In 2005, the international community embraced the goal of universal access to HIV prevention, treatment, care and support by 2010.5, 6 To achieve this goal, national HIV/AIDS programs need to strengthen their health systems and block all barriers to treatment and prevention programs. Nigeria has taken various strategies to limit the spread of this disease. Due to global initiatives like the US Presidential Emergency Plan For Aids Relief (PEPFAR) program, there has been substantial increase in the number of people living with HIV/AIDS (PLWHAs) who are on Antiretroviral Therapy (ART), as a result of having taken an HIV test.7 In addition, there are many more antenatal women with HIV positivity who have received ART to prevent mother to child transmission of HIV.8 The challenges many of these global and national programs face in a multi-diverse socio-cultural society like Nigeria are the problems of stigma and discrimination(S&D). The issues of S&D described by Jonathan Man 9 as the third phase of the HIV pandemic poses a serious threat to prevention and treatment. Therefore, for Nigeria to achieve her national policy on HIV/AIDS, aimed at controlling the spread of the infection and its impact, the issue of S&D needs to be addressed. Significant research and knowledge on HIV related S&D in many ethnic and cultural settings that constitute Nigeria, are important tool in understanding this “hidden factors” that are impediments to effective prevention and treatment. Incorporating these findings into national prevention strategies will go a long way in reducing the transmission of the virus in the population.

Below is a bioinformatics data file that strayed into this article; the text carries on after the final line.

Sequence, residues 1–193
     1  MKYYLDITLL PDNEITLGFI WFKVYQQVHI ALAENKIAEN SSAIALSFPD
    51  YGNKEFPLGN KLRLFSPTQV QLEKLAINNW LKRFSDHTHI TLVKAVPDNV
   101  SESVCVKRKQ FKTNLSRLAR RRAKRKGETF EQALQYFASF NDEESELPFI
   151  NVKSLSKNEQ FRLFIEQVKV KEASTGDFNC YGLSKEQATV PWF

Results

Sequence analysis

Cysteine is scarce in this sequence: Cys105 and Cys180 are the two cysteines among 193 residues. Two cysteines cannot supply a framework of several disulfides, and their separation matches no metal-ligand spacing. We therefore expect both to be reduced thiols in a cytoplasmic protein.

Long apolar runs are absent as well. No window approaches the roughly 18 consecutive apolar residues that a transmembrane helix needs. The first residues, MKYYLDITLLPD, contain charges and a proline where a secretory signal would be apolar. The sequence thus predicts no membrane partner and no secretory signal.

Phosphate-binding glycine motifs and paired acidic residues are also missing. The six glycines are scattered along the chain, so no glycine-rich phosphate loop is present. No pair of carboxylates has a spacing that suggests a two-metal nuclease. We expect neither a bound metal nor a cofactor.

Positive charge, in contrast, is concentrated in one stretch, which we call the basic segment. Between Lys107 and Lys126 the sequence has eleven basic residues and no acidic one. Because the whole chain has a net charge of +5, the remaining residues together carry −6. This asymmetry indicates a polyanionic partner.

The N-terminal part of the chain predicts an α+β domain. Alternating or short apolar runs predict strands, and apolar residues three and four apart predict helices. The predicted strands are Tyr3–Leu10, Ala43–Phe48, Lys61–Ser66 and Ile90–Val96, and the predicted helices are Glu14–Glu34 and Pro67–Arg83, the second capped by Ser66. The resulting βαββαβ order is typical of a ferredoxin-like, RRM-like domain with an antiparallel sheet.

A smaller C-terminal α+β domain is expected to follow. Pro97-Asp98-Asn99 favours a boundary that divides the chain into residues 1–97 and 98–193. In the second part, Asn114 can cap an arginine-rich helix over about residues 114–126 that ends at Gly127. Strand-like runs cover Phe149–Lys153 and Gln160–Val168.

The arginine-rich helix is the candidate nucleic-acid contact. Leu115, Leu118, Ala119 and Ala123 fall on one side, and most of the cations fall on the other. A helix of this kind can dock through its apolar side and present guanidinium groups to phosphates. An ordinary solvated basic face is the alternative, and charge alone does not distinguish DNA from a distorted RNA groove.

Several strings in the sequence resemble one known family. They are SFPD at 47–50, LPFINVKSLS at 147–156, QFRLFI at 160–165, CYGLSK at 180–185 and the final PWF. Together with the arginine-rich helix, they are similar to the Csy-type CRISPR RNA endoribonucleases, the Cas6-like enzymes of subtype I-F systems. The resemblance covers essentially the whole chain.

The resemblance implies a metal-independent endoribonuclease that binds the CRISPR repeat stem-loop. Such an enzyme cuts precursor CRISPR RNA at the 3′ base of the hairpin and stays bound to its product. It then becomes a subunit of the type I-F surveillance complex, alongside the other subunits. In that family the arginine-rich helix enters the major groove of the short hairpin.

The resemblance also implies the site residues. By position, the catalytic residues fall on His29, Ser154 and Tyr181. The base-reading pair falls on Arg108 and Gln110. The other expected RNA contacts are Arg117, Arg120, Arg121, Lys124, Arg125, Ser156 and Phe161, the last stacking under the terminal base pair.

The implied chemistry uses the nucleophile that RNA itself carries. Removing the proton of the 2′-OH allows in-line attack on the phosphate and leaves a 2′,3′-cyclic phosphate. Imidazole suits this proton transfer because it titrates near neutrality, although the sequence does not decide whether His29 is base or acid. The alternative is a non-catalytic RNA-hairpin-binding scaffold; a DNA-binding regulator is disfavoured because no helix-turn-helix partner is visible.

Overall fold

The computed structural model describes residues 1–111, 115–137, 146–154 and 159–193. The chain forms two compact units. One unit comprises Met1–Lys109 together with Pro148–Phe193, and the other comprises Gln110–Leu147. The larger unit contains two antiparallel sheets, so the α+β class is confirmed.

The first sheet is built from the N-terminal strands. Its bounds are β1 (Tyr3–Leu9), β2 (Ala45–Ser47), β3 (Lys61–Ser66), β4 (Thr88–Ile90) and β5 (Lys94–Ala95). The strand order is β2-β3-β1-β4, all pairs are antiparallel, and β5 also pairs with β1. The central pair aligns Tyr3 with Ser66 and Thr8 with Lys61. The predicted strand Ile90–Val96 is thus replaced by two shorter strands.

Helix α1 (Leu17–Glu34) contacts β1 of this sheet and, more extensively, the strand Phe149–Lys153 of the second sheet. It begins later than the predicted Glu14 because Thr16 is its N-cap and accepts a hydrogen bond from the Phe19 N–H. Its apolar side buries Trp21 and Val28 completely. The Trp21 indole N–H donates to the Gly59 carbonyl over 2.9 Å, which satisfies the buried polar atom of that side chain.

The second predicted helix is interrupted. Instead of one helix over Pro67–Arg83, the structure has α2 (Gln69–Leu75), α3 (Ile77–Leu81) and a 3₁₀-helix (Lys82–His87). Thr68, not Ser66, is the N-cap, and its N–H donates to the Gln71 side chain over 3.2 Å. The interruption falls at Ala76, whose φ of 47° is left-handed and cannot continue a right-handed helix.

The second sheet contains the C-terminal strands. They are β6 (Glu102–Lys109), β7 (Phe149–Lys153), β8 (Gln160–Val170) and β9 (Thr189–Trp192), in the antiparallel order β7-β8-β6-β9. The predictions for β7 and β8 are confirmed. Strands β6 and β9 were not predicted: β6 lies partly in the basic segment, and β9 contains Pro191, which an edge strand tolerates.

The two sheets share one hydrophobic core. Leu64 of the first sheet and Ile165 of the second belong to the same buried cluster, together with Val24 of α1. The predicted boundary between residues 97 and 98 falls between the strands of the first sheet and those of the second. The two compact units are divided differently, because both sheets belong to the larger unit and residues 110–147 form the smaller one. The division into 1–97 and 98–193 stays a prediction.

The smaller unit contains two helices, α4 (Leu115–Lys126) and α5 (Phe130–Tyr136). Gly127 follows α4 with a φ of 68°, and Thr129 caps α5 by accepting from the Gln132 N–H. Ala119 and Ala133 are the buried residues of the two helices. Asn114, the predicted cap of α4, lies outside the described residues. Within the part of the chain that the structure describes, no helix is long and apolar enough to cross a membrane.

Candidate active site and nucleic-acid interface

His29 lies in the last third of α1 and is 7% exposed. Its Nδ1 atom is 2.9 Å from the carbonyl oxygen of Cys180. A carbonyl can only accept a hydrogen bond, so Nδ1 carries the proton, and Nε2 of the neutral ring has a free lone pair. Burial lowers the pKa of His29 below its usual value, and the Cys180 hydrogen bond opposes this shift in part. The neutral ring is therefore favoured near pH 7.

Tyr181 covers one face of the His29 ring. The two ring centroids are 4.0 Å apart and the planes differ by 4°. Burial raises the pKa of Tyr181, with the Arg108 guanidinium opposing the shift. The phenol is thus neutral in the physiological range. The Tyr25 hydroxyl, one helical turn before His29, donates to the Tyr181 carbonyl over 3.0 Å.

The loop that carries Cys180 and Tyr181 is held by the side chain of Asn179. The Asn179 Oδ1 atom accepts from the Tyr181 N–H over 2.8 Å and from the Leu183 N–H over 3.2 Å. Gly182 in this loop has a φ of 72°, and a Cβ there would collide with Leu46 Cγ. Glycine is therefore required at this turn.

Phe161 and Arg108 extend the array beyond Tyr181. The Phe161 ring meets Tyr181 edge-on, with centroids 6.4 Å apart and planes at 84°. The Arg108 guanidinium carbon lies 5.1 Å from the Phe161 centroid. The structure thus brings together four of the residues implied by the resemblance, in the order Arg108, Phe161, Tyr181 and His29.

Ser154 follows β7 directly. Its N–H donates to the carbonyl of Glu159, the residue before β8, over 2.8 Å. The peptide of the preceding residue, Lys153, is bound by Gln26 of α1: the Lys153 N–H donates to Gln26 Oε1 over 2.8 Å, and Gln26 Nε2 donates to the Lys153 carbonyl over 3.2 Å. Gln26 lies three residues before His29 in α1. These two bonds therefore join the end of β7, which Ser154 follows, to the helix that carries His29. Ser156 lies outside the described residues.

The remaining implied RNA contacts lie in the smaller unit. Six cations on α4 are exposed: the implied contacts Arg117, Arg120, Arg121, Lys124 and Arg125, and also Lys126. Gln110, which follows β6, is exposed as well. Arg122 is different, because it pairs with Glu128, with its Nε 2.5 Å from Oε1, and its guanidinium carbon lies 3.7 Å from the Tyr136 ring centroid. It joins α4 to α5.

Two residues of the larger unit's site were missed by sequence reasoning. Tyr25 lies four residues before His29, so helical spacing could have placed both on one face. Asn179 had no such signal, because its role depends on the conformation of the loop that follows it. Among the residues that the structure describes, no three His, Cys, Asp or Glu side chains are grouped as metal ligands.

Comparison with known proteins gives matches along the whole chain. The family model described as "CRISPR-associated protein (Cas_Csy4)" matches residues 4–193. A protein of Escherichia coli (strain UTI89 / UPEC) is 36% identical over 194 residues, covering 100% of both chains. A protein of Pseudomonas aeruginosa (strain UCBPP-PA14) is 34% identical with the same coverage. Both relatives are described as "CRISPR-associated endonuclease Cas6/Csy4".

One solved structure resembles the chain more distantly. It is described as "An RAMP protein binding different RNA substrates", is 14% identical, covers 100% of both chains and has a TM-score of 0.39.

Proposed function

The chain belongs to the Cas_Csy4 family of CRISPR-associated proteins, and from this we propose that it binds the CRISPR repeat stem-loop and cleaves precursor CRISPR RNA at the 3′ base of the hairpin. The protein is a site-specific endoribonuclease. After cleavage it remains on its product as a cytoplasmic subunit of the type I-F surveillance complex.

Stigma and Discrimination

Stigma is often associated with discrimination and human right and has been defined in various ways‥ Erving Goffman 10 defined stigma as an undesirable or discrediting attribute that an individual possesses, thus reducing that individual’s status in the eyes of society. Stigma can stem from a particular characteristic, such as a physical deformity, or from negative attitudes towards a group, such as homosexuals or prostitutes. Under Goffman’s definition, society labels an individual or group as different or deviant. Jones et al 11 defines stigma as an attribute that links a person to undesirable characteristics. Crocker et al 12 indicated that stigmatized individuals are believed to possess some attributes or characteristics that convey a social identity that is devalued in a particular social context. Others have defined stigma as societal processes that are linked to societal power structures.13 Stigmatization can lead to prejudicial thoughts, behaviors, and actions on the part of governments, communities, employers, health care providers, coworkers, friends, and families.1416